Common Questions

Check out these questions and answers to learn more and challenge some of your existing ideas about programs like SNAP and WIC.

What is food insecurity?

The USDA defines food insecurity as “the condition assessed in the food security survey and represented in USDA food security reports—is a household-level economic and social condition of limited or uncertain access to adequate food. Hunger is an individual-level physiological condition that may result from food insecurity.”

More simply defined: “people who experience food insecurity lack the resources (money), to buy enough food.”

Is going hungry really a problem in Utah?

Food insecurity is often a hidden problem, and impacts families and individuals in all communities, regardless of geography. Food insecurity rates in Utah are about on par with the national average: 11.5% of Utahns, more than 350,000 people, experience food insecurity.

Isn't charity enough?

With strong LDS welfare program, it's easy to believe that charity is addressing these problems. Charity work only accounts for approximately 15% of food assistance in Utah. Every religious congregation in the U.S. — Christian or otherwise — would have to raise an additional $714,000 every year for the next 10 years to make up for the proposed 2018 White House budget cuts.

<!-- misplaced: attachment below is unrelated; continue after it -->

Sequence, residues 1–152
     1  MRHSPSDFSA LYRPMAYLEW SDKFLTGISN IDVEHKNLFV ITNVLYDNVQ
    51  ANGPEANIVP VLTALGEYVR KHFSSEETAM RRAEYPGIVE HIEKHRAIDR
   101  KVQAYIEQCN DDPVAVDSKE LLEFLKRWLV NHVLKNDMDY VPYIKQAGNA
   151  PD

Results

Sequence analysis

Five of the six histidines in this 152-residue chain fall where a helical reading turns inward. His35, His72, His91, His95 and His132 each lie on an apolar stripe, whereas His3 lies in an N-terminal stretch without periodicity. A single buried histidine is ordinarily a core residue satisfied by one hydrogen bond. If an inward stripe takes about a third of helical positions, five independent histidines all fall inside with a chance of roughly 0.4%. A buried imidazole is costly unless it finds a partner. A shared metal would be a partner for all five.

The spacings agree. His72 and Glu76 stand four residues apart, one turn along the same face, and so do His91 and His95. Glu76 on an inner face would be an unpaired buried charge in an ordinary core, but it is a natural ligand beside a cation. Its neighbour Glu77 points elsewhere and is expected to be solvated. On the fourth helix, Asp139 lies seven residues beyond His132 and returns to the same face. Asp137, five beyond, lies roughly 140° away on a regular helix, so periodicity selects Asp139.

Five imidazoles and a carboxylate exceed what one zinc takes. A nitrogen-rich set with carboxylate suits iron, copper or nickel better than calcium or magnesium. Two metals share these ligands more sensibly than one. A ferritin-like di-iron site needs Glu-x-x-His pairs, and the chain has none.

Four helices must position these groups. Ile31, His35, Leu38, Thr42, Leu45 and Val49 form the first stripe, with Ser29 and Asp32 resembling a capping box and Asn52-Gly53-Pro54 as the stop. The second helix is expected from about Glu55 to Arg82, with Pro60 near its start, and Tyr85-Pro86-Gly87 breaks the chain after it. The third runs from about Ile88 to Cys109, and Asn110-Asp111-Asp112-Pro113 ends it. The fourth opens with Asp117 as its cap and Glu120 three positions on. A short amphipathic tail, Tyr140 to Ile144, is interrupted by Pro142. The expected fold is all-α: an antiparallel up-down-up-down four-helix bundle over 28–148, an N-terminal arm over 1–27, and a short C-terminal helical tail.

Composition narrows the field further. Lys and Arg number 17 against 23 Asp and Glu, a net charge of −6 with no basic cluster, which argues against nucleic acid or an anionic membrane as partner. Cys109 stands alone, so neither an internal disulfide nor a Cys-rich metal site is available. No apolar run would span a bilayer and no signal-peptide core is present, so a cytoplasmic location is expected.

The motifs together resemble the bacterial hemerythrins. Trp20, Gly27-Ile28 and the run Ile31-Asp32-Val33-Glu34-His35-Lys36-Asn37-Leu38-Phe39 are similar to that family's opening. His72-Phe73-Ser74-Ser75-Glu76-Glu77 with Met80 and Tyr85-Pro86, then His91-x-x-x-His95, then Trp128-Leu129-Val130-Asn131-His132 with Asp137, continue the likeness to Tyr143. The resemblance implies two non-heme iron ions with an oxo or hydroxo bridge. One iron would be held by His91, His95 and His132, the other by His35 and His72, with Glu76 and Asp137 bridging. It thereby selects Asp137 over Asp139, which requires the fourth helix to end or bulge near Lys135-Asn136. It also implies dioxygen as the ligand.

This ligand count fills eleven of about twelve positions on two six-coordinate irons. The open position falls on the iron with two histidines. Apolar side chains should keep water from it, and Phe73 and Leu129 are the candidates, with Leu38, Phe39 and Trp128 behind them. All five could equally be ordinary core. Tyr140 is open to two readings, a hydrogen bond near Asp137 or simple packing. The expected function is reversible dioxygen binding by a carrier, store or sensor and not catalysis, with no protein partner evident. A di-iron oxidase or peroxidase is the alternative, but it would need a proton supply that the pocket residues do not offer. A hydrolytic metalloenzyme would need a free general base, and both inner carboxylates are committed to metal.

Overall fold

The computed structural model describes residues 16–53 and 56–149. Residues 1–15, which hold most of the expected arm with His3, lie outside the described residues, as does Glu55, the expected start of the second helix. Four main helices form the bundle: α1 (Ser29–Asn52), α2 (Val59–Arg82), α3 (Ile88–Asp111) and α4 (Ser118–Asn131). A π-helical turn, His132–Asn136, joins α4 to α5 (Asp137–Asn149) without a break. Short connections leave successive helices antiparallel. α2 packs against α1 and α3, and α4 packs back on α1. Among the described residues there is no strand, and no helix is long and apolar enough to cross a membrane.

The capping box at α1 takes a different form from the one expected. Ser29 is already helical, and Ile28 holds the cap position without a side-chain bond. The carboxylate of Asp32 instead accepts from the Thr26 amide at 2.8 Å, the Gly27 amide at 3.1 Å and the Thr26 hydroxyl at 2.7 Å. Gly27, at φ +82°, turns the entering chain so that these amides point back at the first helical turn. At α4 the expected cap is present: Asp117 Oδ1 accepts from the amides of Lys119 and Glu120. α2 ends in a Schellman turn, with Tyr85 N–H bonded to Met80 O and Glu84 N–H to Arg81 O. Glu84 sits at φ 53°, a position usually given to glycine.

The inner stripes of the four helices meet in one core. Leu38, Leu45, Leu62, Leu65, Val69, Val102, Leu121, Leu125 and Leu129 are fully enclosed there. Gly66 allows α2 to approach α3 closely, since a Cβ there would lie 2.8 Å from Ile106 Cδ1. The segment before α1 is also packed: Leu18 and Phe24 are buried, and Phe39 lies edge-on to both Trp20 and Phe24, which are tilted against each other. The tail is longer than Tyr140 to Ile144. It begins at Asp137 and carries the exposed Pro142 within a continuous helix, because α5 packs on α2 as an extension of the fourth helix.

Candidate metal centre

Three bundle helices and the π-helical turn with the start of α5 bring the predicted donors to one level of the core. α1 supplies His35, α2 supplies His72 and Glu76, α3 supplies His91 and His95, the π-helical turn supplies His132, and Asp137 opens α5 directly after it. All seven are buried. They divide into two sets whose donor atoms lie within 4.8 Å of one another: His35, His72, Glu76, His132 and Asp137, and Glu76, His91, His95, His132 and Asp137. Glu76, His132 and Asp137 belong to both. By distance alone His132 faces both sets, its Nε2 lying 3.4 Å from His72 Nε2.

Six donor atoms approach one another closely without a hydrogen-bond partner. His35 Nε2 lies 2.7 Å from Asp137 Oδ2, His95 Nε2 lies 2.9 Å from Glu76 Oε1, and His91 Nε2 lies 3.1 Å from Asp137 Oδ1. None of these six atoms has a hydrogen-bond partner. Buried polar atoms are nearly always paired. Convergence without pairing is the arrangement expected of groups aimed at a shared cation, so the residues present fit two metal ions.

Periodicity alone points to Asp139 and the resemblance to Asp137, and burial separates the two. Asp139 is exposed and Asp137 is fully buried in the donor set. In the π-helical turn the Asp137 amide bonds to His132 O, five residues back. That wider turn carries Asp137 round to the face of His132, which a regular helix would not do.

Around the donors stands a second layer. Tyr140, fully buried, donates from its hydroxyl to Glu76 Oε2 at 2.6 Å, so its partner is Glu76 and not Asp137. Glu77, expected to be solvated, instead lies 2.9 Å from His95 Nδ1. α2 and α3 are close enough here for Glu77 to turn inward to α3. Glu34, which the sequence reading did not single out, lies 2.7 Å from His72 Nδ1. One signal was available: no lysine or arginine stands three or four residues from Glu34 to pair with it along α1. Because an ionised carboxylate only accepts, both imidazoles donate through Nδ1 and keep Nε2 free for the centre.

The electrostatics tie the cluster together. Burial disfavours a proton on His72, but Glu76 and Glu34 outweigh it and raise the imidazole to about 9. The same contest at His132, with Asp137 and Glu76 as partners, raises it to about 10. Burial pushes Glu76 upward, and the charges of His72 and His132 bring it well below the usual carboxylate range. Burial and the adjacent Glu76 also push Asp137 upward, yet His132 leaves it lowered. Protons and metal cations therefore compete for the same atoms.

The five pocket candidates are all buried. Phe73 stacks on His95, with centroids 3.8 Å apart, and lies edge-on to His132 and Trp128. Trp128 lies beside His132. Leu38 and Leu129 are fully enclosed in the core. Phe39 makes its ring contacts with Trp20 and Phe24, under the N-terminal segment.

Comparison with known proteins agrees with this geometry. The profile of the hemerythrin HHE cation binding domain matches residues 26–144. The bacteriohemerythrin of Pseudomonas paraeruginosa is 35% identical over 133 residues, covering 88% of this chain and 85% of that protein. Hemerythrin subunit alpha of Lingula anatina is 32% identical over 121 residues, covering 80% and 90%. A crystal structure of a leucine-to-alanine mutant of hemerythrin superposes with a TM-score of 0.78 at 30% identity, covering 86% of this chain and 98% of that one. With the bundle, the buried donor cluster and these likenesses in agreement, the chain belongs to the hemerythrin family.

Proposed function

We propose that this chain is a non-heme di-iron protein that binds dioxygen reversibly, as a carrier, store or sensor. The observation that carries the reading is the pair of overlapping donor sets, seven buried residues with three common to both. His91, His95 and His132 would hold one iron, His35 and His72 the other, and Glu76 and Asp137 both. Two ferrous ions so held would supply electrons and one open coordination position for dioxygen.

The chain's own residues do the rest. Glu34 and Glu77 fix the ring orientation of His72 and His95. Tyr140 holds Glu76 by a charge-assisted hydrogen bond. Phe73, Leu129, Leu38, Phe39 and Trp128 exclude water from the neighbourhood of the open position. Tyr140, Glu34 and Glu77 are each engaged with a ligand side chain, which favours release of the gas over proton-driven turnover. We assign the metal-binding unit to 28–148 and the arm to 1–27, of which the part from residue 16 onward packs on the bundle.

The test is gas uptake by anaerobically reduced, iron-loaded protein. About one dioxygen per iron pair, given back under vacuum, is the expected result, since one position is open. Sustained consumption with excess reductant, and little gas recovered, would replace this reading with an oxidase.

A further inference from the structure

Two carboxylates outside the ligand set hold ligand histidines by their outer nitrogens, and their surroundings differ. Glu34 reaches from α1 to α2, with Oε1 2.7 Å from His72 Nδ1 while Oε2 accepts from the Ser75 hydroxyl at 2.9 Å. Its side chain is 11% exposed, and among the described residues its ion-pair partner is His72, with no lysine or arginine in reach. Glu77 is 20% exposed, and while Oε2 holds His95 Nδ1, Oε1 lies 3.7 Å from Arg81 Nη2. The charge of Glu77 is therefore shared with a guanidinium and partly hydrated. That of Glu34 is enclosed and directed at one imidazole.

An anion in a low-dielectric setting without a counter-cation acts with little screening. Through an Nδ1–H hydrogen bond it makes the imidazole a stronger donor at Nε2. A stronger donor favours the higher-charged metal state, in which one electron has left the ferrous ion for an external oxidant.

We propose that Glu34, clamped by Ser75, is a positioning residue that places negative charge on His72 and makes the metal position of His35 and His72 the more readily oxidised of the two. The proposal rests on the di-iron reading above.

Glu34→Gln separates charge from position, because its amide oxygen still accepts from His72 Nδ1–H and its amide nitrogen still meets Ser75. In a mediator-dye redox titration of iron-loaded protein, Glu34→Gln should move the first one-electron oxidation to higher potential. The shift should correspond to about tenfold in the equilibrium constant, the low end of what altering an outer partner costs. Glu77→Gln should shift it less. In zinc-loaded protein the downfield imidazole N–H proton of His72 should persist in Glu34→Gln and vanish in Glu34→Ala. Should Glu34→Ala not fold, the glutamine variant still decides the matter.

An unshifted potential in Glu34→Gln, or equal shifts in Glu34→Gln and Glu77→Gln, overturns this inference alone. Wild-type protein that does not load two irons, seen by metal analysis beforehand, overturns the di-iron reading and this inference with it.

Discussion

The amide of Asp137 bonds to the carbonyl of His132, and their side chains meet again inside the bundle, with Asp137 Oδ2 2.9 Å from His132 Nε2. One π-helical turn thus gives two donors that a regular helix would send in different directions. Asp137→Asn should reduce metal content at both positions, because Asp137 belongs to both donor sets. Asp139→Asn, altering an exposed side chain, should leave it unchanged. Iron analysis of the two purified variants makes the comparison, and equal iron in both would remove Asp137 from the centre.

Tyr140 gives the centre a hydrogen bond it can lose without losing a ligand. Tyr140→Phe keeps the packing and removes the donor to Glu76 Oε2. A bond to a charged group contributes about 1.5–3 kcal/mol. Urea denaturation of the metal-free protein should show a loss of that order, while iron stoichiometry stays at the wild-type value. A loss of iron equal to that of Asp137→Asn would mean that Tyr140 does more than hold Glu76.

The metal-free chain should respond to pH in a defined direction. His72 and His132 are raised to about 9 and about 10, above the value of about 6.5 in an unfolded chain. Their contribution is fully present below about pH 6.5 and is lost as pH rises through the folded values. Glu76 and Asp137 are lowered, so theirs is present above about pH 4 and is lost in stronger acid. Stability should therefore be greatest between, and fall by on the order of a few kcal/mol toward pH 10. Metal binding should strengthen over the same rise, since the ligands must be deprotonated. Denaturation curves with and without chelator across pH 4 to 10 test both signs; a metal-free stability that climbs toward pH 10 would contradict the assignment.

Aren't people just trying to avoid working?

There is a dominant cultural model, rooted in the Protestant work ethic, that you can work your way out of any situation. The solution is “just work harder.”

More than 85% of SNAP families with a working age adult had at least one working adult in the past 12 months.

Additionally, 71% of individuals who receive SNAP are under the age of 17 (53%) people will disabilities (12%) or are seniors (6%).

Isn’t this just a problem in cities?

No, according to data from the USDA 9% of those living in metro areas access SNAP while 10% of residents in rural communities access SNAP and 8% of families in small towns access SNAP.

Next: Federal Nutrition Programs 101